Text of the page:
Is Medicare Advantage right for you?
If you’ve watched any television at all in the past 18 months, there’s a good chance you’ve seen Pro Football Hall of Fame quarterback Joe Namath encouraging you to “make sure you’re not missing out” on Medicare benefits.
The ubiquitous commercials tout the benefits of Medicare Advantage in what some call misleading ads. Are these Medicare Advantage plans too good to be true? More importantly, is an MA plan (as they are sometimes called) right for you?
Medicare Advantage: a type of bundled Medicare health plan offered by private companies that contract with Medicare.
Nationwide, Medicare Advantage enrollment more than doubled over the past decade, with 2021 data showing 42% of Medicare beneficiaries enrolled in a Medicare Advantage plan (a 10% increase over 2020).
Medicare Advantage plans may offer supplemental benefits that Original Medicare doesn’t cover, such as home care, transportation, gym memberships, and vision, hearing, and dental services. In addition to added benefits, Medicare Advantage plans may feature lower premiums and a cap on your out-of-pocket expenses. However, your choice of healthcare providers may be more limited, as MA plans usually restrict coverage to participating providers in a limited geographic area.
It’s important to educate yourself to find the best options for your situation, says local expert Carrie Espinosa, principal adviser and owner of Horizon Benefit Services.
A plan might look good on paper but not be a good fit for you, she says. For instance, you may be interested in a specific Medicare Advantage HMO plan not knowing that if you’re out of state, you will only have emergency coverage. If you travel a lot or spend part of the year in another state, you may decide that particular Medicare Advantage plan may not be a good choice.
Robin Dawson, an independent insurance broker with Medicare Solutions Network, also emphasizes the need to evaluate your plan based on your lifestyle, needs, and budget. “Just because a friend or neighbor is spending less on their Medicare Advantage plan than you are on your insurance doesn’t mean you should change what you have.”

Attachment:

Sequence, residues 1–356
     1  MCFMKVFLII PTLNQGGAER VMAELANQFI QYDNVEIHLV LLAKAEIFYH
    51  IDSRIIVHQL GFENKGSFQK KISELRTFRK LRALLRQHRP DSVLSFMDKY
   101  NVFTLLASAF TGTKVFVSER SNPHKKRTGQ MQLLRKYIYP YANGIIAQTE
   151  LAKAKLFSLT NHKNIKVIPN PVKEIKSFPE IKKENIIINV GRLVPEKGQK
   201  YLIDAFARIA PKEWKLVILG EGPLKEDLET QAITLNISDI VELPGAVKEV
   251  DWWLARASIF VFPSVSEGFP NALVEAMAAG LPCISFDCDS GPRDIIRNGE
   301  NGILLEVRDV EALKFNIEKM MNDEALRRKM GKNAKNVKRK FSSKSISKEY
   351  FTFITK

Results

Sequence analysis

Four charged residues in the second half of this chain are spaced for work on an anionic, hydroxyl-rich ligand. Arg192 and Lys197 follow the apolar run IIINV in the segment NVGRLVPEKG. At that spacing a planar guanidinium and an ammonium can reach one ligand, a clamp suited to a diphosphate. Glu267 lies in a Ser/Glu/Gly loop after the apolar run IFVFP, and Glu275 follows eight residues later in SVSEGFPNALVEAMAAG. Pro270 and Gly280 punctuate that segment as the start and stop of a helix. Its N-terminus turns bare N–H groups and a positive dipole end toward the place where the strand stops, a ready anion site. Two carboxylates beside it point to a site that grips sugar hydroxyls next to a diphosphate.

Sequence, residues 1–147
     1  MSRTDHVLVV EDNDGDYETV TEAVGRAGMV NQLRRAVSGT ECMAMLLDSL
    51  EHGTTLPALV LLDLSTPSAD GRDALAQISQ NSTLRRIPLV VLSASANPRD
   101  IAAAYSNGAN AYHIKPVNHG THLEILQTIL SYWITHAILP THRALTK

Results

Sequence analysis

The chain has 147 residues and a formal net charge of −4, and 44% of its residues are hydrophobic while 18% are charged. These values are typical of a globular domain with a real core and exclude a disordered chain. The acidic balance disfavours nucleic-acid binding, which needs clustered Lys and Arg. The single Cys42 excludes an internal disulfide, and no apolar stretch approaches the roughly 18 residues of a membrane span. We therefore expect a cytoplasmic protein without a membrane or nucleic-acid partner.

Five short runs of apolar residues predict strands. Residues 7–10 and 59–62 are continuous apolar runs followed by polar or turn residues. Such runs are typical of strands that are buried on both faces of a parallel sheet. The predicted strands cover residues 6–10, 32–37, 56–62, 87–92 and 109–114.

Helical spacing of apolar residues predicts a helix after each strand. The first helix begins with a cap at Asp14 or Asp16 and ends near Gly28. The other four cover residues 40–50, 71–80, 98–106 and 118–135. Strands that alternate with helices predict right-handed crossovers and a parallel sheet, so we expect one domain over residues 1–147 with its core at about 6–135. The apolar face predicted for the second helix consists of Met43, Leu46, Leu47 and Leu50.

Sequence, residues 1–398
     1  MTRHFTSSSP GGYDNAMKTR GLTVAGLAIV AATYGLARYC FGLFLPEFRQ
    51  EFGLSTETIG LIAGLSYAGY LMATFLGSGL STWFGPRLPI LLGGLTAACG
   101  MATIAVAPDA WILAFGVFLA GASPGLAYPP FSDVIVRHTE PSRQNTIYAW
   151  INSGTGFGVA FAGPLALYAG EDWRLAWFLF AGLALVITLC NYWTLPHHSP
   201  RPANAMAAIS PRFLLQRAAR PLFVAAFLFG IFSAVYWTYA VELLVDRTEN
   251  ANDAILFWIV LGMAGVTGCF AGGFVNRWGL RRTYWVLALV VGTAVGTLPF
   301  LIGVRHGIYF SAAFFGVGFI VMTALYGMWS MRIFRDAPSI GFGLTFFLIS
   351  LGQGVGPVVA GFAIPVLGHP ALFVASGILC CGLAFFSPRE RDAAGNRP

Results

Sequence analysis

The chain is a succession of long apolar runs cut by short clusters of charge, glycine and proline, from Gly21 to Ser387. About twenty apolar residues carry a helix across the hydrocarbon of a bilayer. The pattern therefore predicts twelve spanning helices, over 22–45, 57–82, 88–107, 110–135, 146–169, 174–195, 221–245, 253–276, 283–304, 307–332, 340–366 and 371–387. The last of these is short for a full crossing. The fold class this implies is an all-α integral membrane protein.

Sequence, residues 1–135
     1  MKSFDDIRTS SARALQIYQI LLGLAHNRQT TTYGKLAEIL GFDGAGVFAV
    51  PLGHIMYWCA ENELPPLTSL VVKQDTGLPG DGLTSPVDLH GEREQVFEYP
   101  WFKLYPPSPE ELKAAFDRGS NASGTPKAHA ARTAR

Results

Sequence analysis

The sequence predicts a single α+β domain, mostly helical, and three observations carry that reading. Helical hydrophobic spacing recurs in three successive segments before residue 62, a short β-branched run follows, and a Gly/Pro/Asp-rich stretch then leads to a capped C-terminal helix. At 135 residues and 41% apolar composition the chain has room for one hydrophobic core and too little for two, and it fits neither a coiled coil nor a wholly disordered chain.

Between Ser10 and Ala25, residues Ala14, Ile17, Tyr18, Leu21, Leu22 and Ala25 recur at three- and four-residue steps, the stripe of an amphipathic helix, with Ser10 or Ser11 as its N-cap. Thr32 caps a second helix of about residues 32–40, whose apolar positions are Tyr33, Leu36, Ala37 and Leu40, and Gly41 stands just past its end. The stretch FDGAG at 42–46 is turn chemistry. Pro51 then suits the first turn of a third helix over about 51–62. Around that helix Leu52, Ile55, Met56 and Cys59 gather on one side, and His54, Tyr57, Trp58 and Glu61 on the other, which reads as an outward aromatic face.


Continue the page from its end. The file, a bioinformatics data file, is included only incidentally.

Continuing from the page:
Ultimately, whether Medicare Advantage is right for you depends on a variety of factors. To choose a plan that meets your needs, consider which doctors are foundational to your care, how geographically portable the insurance needs to be, and how the plan benefits compare with other plans. Review your options every year because Medicare Advantage plan benefits can change annually.
In addition to the monthly cost, look at the copay amounts and the maximum out-of-pocket amounts. “Consumers looking at Medicare Advantage plans need to look beyond the monthly fixed cost for insurance and consider all copays and coinsurance costs related to the care they obtain,” Dawson says.
Before making a choice, Espinosa and Dawson recommend finding out whether your preferred doctors are in-network with the plan. Next, understand how your prescription drugs would be covered. Then work with a broker or use the Medicare Plan Finder (medicare.gov/plan-compare) to identify plans available in your county, looking at copays and coinsurance amounts, out-of-pocket cost limits, and additional benefits offered.
This year’s Medicare open enrollment period — during which you can join, switch, or drop a plan — begins on October 15 and ends December 7. Start researching your options now, so you’ll be prepared to make a choice in the fall.